In 2010 WikiLeaks released a file named insurance.aes256 and on Wednesday released another “insurance” file with an “aes” name. AES-256, a currently unbreakable encryption scheme, appears to keep the files scrambled until a password is published. Assange has said little about them, but he did say “insurance files” would be released in a certain scenario: “if something happens to me or to WikiLeaks.”
February 27 2012, Wikileaks announced it had begun publishing “The Global Intelligence Files, over five million e-mails from the Texas headquartered “global intelligence” company Stratfor.”
Richard Torrenzano and Mark Davis share more information about insurance.aes256 and the direction in which hacking and cyber crime are moving.
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It’s called “insurance.aes256.”
It is a 1.4-gigabyte file large enough to hold hundreds of thousands of pages worth of information. It is protected by a 256-bit key encryption code. . . .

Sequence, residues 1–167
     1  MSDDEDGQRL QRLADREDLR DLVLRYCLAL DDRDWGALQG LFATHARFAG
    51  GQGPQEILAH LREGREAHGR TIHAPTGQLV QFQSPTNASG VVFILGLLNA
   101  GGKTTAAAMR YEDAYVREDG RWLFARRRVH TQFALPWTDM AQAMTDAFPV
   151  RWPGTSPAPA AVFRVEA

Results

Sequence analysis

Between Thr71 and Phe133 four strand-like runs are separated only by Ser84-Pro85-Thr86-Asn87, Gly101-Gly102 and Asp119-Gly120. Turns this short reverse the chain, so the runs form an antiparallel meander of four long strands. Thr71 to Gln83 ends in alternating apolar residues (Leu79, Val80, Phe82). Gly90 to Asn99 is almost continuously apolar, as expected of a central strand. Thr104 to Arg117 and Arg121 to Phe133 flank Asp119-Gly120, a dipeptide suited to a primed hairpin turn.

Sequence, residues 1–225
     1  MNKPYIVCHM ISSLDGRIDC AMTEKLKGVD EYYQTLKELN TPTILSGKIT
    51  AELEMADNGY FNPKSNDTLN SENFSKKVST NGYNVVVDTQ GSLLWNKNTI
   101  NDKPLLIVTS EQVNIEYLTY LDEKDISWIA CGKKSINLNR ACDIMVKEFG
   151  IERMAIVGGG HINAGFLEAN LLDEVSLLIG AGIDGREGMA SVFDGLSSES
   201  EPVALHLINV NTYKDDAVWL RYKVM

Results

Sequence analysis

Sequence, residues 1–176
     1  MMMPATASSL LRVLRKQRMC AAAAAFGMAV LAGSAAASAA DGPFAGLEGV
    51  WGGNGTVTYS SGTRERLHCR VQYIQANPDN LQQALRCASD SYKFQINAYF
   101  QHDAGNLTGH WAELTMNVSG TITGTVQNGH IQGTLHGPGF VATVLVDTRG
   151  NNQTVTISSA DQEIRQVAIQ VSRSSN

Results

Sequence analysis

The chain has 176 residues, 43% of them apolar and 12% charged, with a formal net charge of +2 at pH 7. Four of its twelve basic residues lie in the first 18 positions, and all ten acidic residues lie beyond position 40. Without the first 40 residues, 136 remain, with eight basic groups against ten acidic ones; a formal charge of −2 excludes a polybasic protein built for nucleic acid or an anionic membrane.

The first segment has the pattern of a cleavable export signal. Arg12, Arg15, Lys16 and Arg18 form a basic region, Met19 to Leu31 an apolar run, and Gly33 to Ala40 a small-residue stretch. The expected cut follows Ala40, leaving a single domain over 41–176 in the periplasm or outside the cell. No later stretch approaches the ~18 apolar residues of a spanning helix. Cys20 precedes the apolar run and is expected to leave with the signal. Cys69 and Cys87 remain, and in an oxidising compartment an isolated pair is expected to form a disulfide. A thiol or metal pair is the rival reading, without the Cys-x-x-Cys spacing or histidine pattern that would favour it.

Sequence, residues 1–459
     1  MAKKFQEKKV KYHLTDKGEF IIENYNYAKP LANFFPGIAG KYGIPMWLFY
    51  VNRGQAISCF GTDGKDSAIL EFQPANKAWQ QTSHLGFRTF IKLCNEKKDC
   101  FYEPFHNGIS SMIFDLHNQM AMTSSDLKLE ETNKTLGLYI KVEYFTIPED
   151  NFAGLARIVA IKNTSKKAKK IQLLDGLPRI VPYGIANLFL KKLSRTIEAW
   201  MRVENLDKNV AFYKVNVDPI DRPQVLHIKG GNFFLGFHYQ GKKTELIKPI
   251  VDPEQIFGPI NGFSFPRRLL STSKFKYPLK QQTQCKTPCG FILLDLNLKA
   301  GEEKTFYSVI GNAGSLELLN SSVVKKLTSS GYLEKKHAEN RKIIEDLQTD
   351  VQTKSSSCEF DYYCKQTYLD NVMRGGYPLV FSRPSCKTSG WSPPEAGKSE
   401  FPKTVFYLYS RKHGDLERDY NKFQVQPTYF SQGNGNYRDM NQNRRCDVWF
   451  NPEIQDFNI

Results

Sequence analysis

At this writing, what it contains is anybody’s guess. The claim is that it is something so damaging to the United States that its leaders will back down before pursuing charges against Assange.
Insurance.aes256 may be a hoax. But the suggestion that it might be a credible threat represents a monumental change in our civilization—the ability of loosely, self-organized hackers to intimidate governments and large corporations. And yet the WikiLeaks phenomenon is only the public manifestation of the extreme vulnerability of personal, business, and governmental systems to the seventh sword of clandestine combat...